You are sending a link to...
Cooking the Intelligence Books on Iran
“Love is whatever you can still betray.” – John Le Carre
There was a time that intelligence estimates were cloaked in secrecy. Peer review, such that it was, was limited to a few analysts with security clearances, analysts that were not necessarily substantive experts. The iconic Intelligence report is the National Intelligence Estimate (NIE), a document that is supposed to represent an Intelligence Community consensus. In practice, a recurring NIE might be dusted off once a year and circulated to up to 17 agencies for “coordination” where “happy” might be changed to “glad.” With the exception of statistics, estimates were seldom changed substantially before being filed away for another year.
Any agency within the IC that might have a factual or analytical disagreement is allowed to take a “footnote” to an NIE which will contain the specifics of any disagreement.
An NIE footnote is as likely to be read as the body of an NIE itself is read. Recurring intelligence reports are read with the same relish as congressional bills are read by congressmen. As long as estimates contain enough threat data to justify departmental budgets, as with domestic spending bills, few politicians care much about analytical effectiveness or any correspondence with the real world. Spending, not truth, reflection or restraint, is the sine qua non of American politics and governance.
The link between Intelligence and defense spending is fairly explicit. The circuit between Intelligence and Intelligence spending is even more direct. With the IC, the folks who define the threat get to write their own meal tickets. Take the Islamist threat since 9/11. Any agency that can work “terror” into their mission statement is likely to enjoy a funding windfall.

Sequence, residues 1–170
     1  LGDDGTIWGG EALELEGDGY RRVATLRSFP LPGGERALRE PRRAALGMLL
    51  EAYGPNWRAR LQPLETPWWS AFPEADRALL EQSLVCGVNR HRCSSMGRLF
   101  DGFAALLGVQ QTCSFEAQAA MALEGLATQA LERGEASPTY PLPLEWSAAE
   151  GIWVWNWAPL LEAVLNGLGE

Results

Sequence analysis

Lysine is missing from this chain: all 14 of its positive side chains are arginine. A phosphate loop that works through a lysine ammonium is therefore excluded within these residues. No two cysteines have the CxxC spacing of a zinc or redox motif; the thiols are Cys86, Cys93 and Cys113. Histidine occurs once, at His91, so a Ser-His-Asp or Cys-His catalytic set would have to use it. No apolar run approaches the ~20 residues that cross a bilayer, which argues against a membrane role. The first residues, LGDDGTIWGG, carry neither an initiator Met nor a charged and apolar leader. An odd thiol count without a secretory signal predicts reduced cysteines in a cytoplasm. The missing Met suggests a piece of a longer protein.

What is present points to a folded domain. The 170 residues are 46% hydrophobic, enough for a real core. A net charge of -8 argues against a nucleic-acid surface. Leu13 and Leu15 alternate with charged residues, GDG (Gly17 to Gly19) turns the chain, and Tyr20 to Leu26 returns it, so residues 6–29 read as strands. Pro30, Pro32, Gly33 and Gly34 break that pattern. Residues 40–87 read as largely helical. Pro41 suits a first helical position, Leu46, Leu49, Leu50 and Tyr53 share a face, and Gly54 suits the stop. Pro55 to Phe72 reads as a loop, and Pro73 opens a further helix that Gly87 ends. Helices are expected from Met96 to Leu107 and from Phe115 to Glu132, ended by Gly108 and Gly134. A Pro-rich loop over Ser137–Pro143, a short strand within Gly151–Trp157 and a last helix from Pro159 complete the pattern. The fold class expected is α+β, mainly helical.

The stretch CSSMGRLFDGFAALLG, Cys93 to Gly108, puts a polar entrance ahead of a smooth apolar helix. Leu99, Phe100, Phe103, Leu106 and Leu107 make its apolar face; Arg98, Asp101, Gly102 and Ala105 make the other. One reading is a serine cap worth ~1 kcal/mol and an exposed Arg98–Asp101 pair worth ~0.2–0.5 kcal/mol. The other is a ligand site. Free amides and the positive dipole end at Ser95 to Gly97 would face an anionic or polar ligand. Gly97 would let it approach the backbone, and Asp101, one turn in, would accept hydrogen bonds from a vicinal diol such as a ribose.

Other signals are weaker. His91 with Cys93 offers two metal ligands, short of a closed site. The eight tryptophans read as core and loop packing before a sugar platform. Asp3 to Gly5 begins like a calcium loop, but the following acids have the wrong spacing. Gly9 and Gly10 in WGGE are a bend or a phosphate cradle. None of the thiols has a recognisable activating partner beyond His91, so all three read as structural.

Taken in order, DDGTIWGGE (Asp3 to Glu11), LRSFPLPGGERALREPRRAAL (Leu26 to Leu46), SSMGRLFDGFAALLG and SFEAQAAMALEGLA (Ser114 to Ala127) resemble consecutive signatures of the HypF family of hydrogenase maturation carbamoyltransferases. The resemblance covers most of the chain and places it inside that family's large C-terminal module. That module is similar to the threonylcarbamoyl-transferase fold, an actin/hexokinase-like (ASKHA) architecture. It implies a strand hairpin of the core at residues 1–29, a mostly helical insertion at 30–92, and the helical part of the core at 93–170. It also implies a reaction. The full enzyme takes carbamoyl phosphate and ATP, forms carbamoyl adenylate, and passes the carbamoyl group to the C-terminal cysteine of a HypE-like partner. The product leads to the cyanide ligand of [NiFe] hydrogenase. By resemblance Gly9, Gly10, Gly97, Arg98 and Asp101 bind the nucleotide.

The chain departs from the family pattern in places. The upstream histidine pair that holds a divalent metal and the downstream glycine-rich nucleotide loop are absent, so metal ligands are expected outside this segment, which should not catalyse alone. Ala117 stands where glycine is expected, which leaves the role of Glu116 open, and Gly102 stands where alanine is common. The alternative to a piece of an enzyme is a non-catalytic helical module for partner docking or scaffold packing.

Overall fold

Alas, were funding tied to performance, the IC and the DOD might have to have to raise funds like Public Television or the Girl Scouts.
Nonetheless, the national security business has changed in significant ways since the advent of an Intelligence czar in 2004, the so-called Director of National Intelligence. Heretofore, Intelligence estimates were classified. Now big reports also have a redacted version available to the Press. All the while, the specifics of threat might be obfuscated.
Unlike German Nazis, Japanese Imperialists, and Russian Communists of yore, the Arab/Persian/Muslim threat does not have any official cognates where the shooters, bombers, or throat cutters might be named or tied to race, religion, country, or ideology. Words like Arab, Persian, terrorist, Islam, Islamism, Muhammadanism, Islamofascism or the like are prohibited by fiat.
Unlike previous global threats, contemporary Intelligence reports would have you believe that the last fifty years of terror and small wars are without a common thread, without an ideology. Ninety or more nations might be sending religiously motivated jihadists to Sunni Arab ISIS, yet that statistic is of little consequence. Terror victim statistics might have reached an apogee but that fact is of little moment either. You might speak of radicals, militants, extremists, and criminals, but none of these are to be paired with religion, ideology, or Islamic culture.
Thus a national security assessment today is at once officially transparent and functionally opaque at the same time - for the political hustler, the best of both worlds. Alas, transparency, or should we say propaganda, cuts two ways. The 2015 DNI Worldwide Threat Assessment for Congress compared to the 2014 edition is an example. The deus ex machina has now been added to the DNI’s bag of tricks.